At the time, my world seemed small. Travel was an extravagance, something reserved for the wealthy or the strikingly adventurous—not a new, young, struggling mother. My father had been a Navy veteran who had seen many parts of the world while completing his tour. He served right before the Vietnam War, and political tensions were high. While I was growing up, he had little desire to travel farther than the New Jersey shore. Home, he said, was where he wanted to be. This suited my mother, a self-proclaimed homebody, just fine. I, on the other hand, longed to see more than the two-hundred-miles around Philadelphia. I found my solace in books.
I still remember reading James Michener’s The Drifters as a teenager. Michener’s descriptions of the world, especially Morocco, painted a sensuous picture that haunted me long after I finished the story. The novel triggered a deep hunger for literary exploration, and after that, I devoured books set in Australia, the Middle East, China, Europe. I came to appreciate an author’s ability to take readers on a journey without them ever having to leave their living room. I had become an armchair traveler—and, somewhere along the way, an aspiring author.
But oh, how I longed to see some of these places in person.
When I read my friend’s inscription in Oh, the Places You’ll Go, I realized I wanted my son to see more of the world than I had. I wanted to be the kind of mother who had opinions and perspectives based on a breadth of experiences and interactions. I wanted to taste paella in Spain, see Donna Leon’s Venice, and experience the Greek islands for myself. I wanted to be more than an armchair traveler; I wanted to explore—and bring these settings to others through my own fiction.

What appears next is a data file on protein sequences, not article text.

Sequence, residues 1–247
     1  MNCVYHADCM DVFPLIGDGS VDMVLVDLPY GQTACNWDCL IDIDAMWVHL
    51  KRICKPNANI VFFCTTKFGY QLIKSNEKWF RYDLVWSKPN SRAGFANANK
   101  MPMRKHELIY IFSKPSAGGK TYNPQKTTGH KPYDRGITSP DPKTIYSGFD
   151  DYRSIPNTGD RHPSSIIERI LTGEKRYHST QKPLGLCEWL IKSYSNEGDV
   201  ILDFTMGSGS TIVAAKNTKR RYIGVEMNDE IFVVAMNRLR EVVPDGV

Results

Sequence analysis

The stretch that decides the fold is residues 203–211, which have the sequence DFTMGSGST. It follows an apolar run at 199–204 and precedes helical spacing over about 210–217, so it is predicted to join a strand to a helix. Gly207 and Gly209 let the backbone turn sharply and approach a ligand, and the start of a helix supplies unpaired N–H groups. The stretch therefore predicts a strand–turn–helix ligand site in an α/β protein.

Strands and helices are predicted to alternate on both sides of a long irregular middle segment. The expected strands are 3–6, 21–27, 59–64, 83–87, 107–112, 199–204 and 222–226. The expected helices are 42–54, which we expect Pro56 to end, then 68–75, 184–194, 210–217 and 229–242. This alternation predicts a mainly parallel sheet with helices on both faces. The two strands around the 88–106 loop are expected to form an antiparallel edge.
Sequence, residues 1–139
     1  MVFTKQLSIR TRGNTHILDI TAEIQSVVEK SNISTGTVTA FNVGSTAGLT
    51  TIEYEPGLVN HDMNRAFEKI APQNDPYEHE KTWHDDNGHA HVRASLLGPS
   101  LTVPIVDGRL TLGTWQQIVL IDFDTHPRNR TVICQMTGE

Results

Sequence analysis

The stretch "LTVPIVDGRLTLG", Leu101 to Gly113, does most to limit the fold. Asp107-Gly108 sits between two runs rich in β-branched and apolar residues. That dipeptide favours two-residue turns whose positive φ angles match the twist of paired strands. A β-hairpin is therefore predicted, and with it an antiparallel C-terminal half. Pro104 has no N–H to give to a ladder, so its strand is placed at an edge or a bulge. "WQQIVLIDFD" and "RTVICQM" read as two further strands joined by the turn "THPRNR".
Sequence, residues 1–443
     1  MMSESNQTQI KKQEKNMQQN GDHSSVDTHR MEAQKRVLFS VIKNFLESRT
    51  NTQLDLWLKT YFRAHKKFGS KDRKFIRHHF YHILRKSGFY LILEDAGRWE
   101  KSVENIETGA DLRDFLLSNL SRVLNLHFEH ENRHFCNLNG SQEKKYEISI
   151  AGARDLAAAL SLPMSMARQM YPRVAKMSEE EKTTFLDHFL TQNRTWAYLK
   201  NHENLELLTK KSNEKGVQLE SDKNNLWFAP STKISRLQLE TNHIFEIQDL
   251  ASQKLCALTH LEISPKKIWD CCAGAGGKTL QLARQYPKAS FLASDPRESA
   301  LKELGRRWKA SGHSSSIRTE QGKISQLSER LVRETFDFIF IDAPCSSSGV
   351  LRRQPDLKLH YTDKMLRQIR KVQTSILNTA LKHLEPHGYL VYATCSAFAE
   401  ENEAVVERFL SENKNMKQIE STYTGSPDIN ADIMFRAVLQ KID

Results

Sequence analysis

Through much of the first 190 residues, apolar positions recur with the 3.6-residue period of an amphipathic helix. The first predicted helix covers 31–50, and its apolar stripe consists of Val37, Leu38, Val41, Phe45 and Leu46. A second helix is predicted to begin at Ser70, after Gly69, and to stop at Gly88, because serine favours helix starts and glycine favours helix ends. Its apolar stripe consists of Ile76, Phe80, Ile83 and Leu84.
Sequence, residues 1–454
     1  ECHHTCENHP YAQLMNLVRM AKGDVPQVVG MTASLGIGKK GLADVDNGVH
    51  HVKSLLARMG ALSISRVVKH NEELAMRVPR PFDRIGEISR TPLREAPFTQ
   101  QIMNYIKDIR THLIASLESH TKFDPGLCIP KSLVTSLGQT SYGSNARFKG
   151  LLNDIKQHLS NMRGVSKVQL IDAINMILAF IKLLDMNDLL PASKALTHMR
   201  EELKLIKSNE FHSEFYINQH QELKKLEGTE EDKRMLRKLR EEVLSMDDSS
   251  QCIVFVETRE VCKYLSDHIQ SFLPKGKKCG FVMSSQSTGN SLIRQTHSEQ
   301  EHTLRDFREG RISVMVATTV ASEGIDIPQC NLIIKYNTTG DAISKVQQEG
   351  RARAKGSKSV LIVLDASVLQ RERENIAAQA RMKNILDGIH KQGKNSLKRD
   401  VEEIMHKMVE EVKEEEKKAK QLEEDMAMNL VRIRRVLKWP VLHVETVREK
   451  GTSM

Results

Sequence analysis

It took me years to realize these dreams, but eventually I increased my miles and recorded my trips with photos and essays and stories. This summer, my family and I set off across the country in our minivan, hitting fourteen states from the comfort of our packed vehicle. I was scouting for a new book setting for part of my next Greenhouse mystery. We lingered in Nebraska, Colorado, Montana, Wyoming, and South Dakota along the way. I think the boys enjoyed the journey as much as the destinations.
They, too, have a need to go.
But then a funny thing happened. A week after we returned, my sons celebrated their birthday, and as part of his gift, one son asked to spend a day down the shore (as we say in my native Philly). Ocean City, New Jersey, you see, was a place that was dear to my parents. While growing up, we went for two weeks every summer, joined by my grandparents and my great-grandmother. I have wonderful memories of swimming on the beach with my father, reading my adventure novels from the comfort of our porch, and walking the boardwalk at night alongside my grandmother, the ocean a soothing backdrop to the colorful lights, scents, and sounds of the piers.
My son loved that day at the shore, his sixteen-year-old self childlike again. Seeing Ocean City through his eyes made me realize that going places can be as simple as visiting loved and known locale—with fresh eyes. I would use the places I’d visited during our trip out West. They’d be woven into books or included as a character in a short story, and the memories we forged in the minivan would be with me always. But as far as my quest for a new setting for the next Greenhouse novel, I’d found it that day in Ocean City.
I think, perhaps, it was there all along.
Wendy Tyson is a writer, lawyer, and former therapist whose background has inspired her mysteries and thrillers. Wendy writes three mystery series, the bestselling Greenhouse Mystery Series, the Allison Campbell Mystery Series, and the forthcoming Delilah Percy Powers crime series. Wendy’s short stories have appeared in literary journals and two crime fiction anthologies, and Wendy is a contributing editor and columnist for International Thriller Writers’ online magazines, The Big Thrill and The Thrill Begins. Wendy and her family now live in Vermont.”
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To enter to win a copy of Ripe for Vengeance, simply email KRL at krlcontests@gmail[dot]com by replacing the [dot] with a period, and with the subject line “ripe,” or comment on this article. A winner will be chosen August 3, 2019. If entering via comment please include your email address, if entering via email please include your mailing address in case you win. You can read our privacy statement here if you like.